Agrium used its Ag In Motion canola plots to show visitors how ESN controlled release fertilizer can help farmers get to 100 bushels per acre.
The plan included a lot of fertilizer. “My intention was to look at growing 100 bushel canola based on crop removal rates, having high rates of phosphate, high rates of sulphur applied,” says Agrium’s agronomy specialist, Ray Dowbenko. In terms of actual nutrients, he says, “we put on 360 pounds of nitrogen, 75 pounds of phosphate, 30 pounds of potassium and 50 pounds of sulphur. We also put on a pound and a half of boron.”
For Prairie grower to meet the Canola Council of Canada’s goal of average canola yields of 52 bushels per acre, Dowbenko says, they’re going to need more fertilizer, and to consider nutrient stewardship.
But to ensure good fertilizer stewardship at these higher levels, “we’re going to have to look at split applications, or we’re going to have to look at a controlled release product such as ESN where all of the product can be put in the ground at one time, and we don’t have to be concerned about seasonal nitrogen loss.”
Dowbenko says ESN can “lower the cost per acre for growers, control the release of nitrogen, protect nitrogen loss through the season and also reduce early season vegetative growth or biomass.”
With more nitrogen, there is potential for canola crops producing more vegetative growth. “If you give a plant lots of nitrogen and lots of moisture early in the season it will grow a lot of vegetative material, and then it doesn’t have as much nitrogen left over for grain yield.” More biomass can also cause lodging and complicate harvest.
If nitrogen is released slowly, the plant can use some of it later, when it’s growing seed rather than biomass.
Water use can also be improved. “We do have studies that show by controlling the release of nitrogen early we can improve water use efficiency because we’re metering out the nitrogen so the plant is not growing great guns early in the spring and using lots of water. It’s just a bit more judicious in its water use and its vegetative growth.”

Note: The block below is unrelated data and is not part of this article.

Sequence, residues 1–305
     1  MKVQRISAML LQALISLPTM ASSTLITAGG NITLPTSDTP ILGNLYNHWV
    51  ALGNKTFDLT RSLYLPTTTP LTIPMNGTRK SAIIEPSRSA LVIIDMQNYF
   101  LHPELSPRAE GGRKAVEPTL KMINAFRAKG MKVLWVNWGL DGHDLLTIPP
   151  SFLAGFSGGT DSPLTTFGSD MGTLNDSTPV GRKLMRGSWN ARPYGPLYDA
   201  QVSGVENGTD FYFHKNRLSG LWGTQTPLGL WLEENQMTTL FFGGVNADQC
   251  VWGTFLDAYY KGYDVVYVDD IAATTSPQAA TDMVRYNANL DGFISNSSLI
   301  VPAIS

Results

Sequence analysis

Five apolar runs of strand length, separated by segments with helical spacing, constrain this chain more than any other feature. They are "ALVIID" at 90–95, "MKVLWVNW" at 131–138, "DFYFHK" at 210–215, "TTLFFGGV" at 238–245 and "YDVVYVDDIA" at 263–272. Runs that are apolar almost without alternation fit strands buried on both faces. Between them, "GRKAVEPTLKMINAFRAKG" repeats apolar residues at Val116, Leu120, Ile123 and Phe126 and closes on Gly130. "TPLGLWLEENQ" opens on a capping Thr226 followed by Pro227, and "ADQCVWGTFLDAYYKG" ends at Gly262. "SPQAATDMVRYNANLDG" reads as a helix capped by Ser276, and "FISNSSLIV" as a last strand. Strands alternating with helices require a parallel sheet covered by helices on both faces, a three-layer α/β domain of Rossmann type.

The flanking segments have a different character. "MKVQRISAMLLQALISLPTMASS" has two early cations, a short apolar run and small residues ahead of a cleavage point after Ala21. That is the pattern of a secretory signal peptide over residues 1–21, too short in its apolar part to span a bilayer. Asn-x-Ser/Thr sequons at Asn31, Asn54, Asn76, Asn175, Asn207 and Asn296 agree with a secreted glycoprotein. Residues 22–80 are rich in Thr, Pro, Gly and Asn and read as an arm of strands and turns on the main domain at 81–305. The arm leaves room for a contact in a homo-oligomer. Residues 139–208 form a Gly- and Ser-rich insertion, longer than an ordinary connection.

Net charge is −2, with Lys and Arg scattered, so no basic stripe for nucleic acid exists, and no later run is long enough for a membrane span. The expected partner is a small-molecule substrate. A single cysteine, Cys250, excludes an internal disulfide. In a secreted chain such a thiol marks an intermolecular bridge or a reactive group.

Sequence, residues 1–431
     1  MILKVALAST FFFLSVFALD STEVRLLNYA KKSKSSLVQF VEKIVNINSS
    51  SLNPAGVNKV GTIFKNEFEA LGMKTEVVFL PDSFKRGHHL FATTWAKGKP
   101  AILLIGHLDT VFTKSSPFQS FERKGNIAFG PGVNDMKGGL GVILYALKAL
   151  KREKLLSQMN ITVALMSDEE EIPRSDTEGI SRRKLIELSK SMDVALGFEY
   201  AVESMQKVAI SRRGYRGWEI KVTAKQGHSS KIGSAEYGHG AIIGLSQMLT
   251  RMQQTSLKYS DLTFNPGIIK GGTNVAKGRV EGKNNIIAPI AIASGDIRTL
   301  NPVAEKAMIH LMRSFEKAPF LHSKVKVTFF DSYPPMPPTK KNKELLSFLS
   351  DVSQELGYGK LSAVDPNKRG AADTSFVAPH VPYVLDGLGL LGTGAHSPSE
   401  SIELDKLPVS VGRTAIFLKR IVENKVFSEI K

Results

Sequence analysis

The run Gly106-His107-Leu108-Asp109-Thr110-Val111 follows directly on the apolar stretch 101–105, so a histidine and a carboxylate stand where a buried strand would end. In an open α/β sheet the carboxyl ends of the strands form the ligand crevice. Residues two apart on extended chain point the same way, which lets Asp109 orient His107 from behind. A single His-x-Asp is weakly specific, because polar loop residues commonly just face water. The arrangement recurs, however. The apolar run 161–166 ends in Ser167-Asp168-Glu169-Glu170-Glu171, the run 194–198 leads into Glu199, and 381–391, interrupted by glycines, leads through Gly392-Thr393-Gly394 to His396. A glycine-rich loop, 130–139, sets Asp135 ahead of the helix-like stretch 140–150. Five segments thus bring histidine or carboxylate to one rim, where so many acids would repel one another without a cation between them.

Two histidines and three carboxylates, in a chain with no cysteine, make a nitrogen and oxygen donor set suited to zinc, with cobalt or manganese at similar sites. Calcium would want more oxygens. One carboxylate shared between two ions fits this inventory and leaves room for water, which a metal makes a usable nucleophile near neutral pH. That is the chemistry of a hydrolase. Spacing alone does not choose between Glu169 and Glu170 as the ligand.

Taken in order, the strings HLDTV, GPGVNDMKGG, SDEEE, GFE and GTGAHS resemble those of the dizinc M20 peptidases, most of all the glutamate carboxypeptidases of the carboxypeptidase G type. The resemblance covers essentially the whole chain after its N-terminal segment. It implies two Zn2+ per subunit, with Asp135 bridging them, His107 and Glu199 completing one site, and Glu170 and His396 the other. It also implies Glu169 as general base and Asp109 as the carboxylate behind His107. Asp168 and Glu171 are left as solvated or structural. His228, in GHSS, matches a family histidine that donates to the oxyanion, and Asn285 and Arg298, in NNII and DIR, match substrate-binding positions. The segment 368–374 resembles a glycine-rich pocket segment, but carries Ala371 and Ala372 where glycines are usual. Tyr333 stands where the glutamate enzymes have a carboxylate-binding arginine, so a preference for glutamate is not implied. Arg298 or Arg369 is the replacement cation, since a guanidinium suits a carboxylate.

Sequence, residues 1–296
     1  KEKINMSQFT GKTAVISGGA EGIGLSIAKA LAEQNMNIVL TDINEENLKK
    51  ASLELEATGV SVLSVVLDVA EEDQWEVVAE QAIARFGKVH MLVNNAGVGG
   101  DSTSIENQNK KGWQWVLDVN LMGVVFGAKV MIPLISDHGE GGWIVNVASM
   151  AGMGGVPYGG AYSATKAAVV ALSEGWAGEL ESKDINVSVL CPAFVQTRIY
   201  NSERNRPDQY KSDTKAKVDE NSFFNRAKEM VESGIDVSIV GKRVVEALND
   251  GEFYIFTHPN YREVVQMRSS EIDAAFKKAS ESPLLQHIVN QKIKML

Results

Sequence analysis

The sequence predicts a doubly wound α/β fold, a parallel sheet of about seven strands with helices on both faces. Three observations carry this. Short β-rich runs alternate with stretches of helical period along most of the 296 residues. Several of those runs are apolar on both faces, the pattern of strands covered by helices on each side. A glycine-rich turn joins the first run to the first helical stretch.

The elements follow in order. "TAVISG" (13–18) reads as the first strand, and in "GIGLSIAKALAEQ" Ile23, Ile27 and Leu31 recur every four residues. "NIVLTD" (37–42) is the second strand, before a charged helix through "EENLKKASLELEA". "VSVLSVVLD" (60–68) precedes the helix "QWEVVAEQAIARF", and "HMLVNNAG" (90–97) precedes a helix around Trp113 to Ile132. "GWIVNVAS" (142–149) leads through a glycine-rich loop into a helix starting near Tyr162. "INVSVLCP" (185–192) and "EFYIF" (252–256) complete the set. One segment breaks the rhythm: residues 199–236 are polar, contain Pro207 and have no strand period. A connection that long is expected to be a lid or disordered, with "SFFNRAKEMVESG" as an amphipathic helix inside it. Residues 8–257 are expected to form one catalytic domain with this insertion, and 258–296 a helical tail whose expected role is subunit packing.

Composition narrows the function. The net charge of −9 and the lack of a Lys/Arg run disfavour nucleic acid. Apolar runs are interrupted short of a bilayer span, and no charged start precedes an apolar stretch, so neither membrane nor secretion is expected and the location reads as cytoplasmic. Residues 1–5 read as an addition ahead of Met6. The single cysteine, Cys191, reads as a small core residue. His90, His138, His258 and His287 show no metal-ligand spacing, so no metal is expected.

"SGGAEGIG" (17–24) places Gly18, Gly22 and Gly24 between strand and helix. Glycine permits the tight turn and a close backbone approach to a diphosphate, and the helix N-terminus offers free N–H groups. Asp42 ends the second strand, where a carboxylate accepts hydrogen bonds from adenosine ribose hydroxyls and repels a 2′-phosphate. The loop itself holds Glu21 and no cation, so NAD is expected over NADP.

ESN is temperature and moisture driven. With soil moisture and warm soil, the urea will start to diffuse out of the plastic coating as a liquid.
For the Prairies, Dowbenko’s rule of thumb is that from application day, the first week about eight to 13 per cent of the nitrogen will be released; by the end of the second week 20 to 25 per cent will be released; by the first month between 45 and 60 per cent will be released.
With this schedule, ESN is ready when the canola needs it to produce seed. “Because it’s indeterminate it keeps setting flowers throughout the season. It’ll still take up nitrogen later. That’s why ESN has a good fit on canola — because canola will still produce yield later in the season.”
Agrium had two plots at AIM: one with straight urea, and another showcasing ESN blends. On its ESN trial plot, Agrium planned to broadcast and incorporate a 50:50 blend of ESN urea in the spring (200 pounds of actual nitrogen). Then they planned to side-band 100 pounds of nitrogen with a 70/30 ESN/urea blend.
Additional nitrogen fertilizer went on with the phosphate and the sulphur to get to 360 pounds per acre.
From a nutrient stewardship perspective, “the broadcast may not be my first choice,” Dowbenko says. But to fertilize at this level, compromise is necessary, and coated or controlled release products reduce risks of loss. “In this demonstration, we were not set up to pre-plant band our initial nitrogen application.”
Running large-scale plots for an outdoor farm show isn’t that different from running a farm. Things rarely go as planned.
As with all of the AIM plots, Agrium’s plots were not harvested before snow fell, but Agrium’s problems began before that.
Dowbenko expected the Ag In Motion staff would make that first pre-seed nitrogen application with a floater. But when no floater was available, AIM staff wound up applying nitrogen with seeding equipment as a last resort. Unfortunately, applying that much fertilizer required a lot of passes. “They really compacted the soil,” Dowbenko says.
But still, the ESN granules did what they were supposed to do. AIM visitors could dig up ESN granules in the plots during the mid-July show. Different granules were at different stages of release. Some were empty, some were squishy, and some were still hard. “Some nitrogen was still releasing; some was still available for the future,” says Dowbenko.